Not a gig in the conventional sense

The Handsome Family | Pavilion Theatre, Brighton
Click to follow
The Independent Culture

The Handsome Family don't play gigs in the conventional sense. For a start, Rennie Sparks, the ex-New York acid casualty-turned-writer of sublime lyrics, has to keep telling herself that she is here to play songs and could we please remind her to stop talking. Her husband Brett, the Texas-bred, former born-again Baptist, still can't get his head around his drum machine ("you'd think we'd just get a drummer," he mutters) and the prolonged pauses between songs give Rennie ample opportunity to pontificate over such surreal matters as why moths are drawn to light bulbs, and her incredible shrinking head.

The Handsome Family don't play gigs in the conventional sense. For a start, Rennie Sparks, the ex-New York acid casualty-turned-writer of sublime lyrics, has to keep telling herself that she is here to play songs and could we please remind her to stop talking. Her husband Brett, the Texas-bred, former born-again Baptist, still can't get his head around his drum machine ("you'd think we'd just get a drummer," he mutters) and the prolonged pauses between songs give Rennie ample opportunity to pontificate over such surreal matters as why moths are drawn to light bulbs, and her incredible shrinking head.

The evening lies somewhere between a piece of stand-up comedy and a marriage guidance meeting. Brett and Rennie's good-natured bickering has become something of a trademark for Handsome Family shows and tonight is no exception. "She just came over and asked me if I was in tune," Brett tells us at the end of their opening number, "A Beautiful Thing". "No I didn't," protests Rennie. "I asked him if he'd remembered to change his underwear."

If their shows are on the eccentric side, their music doesn't quite fit with conventional notions of country either. Brett and Rennie's songs are an enchanting mix of the macabre and the mundane, the complex and the simple, each underpinned by sensuous melodies. Live, Rennie's words gather even greater shape amid her husband's stripped-down compositions and soulful baritone vocals.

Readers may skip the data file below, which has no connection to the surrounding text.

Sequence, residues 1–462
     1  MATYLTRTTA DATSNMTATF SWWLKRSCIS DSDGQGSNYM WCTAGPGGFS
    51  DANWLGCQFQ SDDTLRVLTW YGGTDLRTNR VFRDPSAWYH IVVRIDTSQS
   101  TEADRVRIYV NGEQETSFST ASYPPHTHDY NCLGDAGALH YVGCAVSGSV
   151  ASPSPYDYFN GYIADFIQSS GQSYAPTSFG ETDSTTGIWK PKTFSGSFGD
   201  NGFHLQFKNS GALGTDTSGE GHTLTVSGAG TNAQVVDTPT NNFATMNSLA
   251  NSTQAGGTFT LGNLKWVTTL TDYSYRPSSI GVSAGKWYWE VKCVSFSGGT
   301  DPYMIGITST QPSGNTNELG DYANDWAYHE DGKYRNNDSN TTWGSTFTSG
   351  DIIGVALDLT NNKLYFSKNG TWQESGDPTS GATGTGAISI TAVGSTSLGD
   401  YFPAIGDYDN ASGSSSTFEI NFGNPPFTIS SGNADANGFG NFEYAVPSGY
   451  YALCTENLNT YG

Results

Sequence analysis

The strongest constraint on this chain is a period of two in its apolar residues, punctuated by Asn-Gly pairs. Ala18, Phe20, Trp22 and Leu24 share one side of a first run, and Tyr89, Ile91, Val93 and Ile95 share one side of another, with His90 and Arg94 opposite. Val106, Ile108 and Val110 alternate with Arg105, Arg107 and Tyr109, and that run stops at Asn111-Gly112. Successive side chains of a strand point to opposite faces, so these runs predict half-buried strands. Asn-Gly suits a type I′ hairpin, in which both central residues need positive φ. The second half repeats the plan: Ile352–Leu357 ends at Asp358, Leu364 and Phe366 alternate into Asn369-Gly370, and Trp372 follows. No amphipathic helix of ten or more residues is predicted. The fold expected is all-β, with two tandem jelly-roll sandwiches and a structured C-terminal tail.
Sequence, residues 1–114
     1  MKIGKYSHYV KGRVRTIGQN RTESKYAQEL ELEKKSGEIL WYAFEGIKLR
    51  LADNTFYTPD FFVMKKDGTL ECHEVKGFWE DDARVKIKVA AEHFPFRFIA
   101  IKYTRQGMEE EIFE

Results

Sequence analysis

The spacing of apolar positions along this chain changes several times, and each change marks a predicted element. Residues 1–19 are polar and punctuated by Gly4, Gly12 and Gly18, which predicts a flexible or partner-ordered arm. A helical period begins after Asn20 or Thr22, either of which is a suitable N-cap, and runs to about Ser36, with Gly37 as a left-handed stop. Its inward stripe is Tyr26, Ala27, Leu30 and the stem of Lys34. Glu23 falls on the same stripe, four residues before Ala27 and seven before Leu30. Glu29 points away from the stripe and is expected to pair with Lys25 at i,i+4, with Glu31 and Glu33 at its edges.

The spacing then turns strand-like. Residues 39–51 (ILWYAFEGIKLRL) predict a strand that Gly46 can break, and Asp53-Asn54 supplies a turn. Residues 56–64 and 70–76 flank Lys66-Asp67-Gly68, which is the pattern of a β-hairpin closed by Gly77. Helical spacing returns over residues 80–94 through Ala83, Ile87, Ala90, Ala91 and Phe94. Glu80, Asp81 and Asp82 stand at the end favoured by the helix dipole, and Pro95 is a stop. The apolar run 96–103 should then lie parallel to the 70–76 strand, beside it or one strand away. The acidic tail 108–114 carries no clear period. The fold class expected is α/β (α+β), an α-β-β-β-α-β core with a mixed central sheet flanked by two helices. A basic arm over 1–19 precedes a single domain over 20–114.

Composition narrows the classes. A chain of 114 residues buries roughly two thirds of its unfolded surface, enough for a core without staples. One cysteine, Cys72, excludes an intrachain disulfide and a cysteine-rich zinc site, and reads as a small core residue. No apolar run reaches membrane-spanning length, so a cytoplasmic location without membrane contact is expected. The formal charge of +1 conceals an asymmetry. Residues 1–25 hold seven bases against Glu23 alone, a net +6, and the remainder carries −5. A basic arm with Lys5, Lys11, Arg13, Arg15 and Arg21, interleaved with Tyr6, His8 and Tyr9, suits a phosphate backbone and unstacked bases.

The lyrics draw on dark themes - death, violence, alcoholism - and twist them to meet their own darkly comic ends. "Up Falling Rock Hill" tells the story of a man who murdered his brother and then became fascinated by the sight of ants crawling across his body. "This song is full of blood. Sorry," apologises Rennie. Aside from the drum machine, there are other hiccups. As they begin "So Much Wine", a tale of a pathologically drunken Christmas, Brett realises he has forgotten his harmonica and is forced to start again. "I need a drink. Could someone get me a drink?" he says, mopping his brow in mock agitation.

Despite the difficult start, Brett sings the song with almost inconceivable conviction. In her less loquacious moments, Rennie is a serene presence too, singing quietly and cradling her zither in her arms like a new-born baby. The new addition of Brett's brother Daryl on guitar fleshes out the sound (and, to his obvious delight, allows Brett to play a washboard during "My Sister's Tiny Hands"). Clearly enamoured with his new position, Daryl takes out a camera and snaps the audience. But then that's the Handsome Family; contrary to the very last.

Comments